Before you begin completing the steps from the following guide, we advise you to place a bookmark on this page or have it opened on a separate device since some of the following steps will require you to close your browser.

Enter Safe Mode. If you don’t know how to do it, use this guide.


Open the Task Manger by pressing Ctrl+Shift+Esc. Go to the processes/details Tab and take a look at the resulting list. If you see a process with the name of the unwanted program or looks shady, right-click on it and select Open File Location. If you believe it is part of the infection, delete the files.


Use the Winkey+R key combination to open the Run window and in the search field type appwiz.cpl. Hit Enter and in the resulting list, look for recently installed programs that look potentially unwanted. If you find anything – uninstall it.


Re-open Run and this tie type msconfig. Hit Enter again and in the resulting window, go to the Startup tab. See if there are any shady programs there and if anything looks suspicious uncheck it and then select OK.

In the Start Menu search field, copy-paste the following line: notepad %windir%/system32/Drivers/etc/hosts . Open the first result and look at the bottom of the file where it says “Localhost”. If there are any IP addresses below that, tell us what they are in the comments since they might be coming from the unwanted software.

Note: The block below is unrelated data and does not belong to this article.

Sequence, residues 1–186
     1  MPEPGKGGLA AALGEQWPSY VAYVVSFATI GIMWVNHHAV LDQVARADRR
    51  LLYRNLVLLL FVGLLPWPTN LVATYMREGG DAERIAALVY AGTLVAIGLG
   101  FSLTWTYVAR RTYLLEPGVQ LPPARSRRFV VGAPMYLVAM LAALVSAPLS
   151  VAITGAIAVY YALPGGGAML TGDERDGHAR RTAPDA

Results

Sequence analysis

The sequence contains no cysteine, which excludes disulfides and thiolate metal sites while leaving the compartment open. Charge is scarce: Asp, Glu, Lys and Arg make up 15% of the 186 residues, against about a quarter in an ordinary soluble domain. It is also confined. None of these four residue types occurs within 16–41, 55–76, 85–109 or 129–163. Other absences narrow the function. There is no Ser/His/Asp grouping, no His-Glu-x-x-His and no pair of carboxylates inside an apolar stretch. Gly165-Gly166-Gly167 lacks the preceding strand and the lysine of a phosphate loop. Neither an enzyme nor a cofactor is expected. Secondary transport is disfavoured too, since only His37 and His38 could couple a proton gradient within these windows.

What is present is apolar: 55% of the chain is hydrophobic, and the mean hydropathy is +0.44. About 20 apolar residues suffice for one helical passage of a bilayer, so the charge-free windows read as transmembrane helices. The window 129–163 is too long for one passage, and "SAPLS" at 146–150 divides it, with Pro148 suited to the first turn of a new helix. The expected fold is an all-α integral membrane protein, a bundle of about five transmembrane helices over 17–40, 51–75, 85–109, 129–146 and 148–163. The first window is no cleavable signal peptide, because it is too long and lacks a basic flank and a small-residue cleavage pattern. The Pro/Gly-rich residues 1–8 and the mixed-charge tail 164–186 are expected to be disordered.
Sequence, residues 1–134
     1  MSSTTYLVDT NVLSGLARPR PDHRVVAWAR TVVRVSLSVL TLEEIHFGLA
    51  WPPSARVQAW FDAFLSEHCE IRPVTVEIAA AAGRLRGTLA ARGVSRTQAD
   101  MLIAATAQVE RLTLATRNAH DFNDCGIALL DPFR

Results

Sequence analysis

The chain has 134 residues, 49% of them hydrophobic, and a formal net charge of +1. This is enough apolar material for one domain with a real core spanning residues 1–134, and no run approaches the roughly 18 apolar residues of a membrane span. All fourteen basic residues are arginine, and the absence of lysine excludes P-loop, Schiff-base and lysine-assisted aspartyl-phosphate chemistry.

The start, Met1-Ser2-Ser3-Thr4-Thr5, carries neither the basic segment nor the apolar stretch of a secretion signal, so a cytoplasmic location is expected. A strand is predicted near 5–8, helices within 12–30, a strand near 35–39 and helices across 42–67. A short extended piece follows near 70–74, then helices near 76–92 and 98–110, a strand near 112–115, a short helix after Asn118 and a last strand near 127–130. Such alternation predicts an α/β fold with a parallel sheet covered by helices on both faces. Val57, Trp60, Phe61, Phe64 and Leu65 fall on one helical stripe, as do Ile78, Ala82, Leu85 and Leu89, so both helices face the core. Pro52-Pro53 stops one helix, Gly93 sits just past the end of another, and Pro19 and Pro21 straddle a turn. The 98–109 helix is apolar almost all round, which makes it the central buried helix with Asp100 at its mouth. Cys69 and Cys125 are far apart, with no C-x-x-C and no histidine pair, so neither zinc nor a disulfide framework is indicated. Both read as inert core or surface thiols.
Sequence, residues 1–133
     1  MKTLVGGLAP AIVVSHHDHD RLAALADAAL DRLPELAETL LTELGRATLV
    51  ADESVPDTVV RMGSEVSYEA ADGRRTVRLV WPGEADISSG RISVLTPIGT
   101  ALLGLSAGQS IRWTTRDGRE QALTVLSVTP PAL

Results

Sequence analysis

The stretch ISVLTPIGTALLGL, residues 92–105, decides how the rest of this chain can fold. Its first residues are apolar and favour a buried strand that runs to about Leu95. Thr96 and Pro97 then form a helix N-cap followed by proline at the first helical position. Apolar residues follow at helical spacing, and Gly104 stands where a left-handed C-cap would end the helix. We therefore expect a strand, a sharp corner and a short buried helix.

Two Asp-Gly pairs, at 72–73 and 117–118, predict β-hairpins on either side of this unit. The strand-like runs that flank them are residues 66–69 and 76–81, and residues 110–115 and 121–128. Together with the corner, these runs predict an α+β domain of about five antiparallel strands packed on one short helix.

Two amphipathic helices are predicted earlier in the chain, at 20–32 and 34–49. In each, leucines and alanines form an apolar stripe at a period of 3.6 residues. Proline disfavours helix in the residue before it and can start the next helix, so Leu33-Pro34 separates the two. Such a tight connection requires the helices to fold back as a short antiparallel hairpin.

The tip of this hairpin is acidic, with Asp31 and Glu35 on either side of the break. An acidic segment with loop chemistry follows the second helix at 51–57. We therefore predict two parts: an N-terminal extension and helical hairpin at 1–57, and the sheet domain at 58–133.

Type Network Connections in the Windows search field and click on the first result. Right-click on the adapter that you are using at the moment and go to Properties > Internet Protocol Version 4 (TCP/IP) > Properties.

If the DNS line is not set to Obtain DNS server automatically, make sure to check that option.

Now go to Advanced > DNS tab and remove everything in DNS server addresses, in order of use.


Right-click on your browser’s icon and select Properties. Delete everything in Target that is after .exe”.

For Chrome users

Close Chrome and go to this folder: C:/Users/*Your username*/AppData/Local/Google/Chrome/User Data. Change the name of the Default folder to Backup Default. Re-open Chrome.

For Firefox users

Open Firefox and click on the Main Menu > Add-ons > Extensions. If you see anything suspicious there, remove it.

For IE users

When you open the browser, go to Tools > Manage Ad-ons and remove the unwanted software if you see it there. Next, go to Tools > Internet options and change the homepage URL to whatever you are normally using.


Open Run (Winkey+R), type Regedit and click on OK. Next, press Ctrl+F and type the malware name. Hit Enter and delete everything that gets found.

If there are no results from the search, manually visit those folders in the Registry Editor.

  • HKEY_CURRENT_USER/Software/Microsoft/Windows/CurrentVersion/Run
  • HKEY_CURRENT_USER/Software/Microsoft/Internet Explorer/Main

If you find there any suspicious keys that have names with a lot of random letters and numbers, delete them or if you are not sure, tell us in the comments what you saw.

About the author

Adrian Bitterson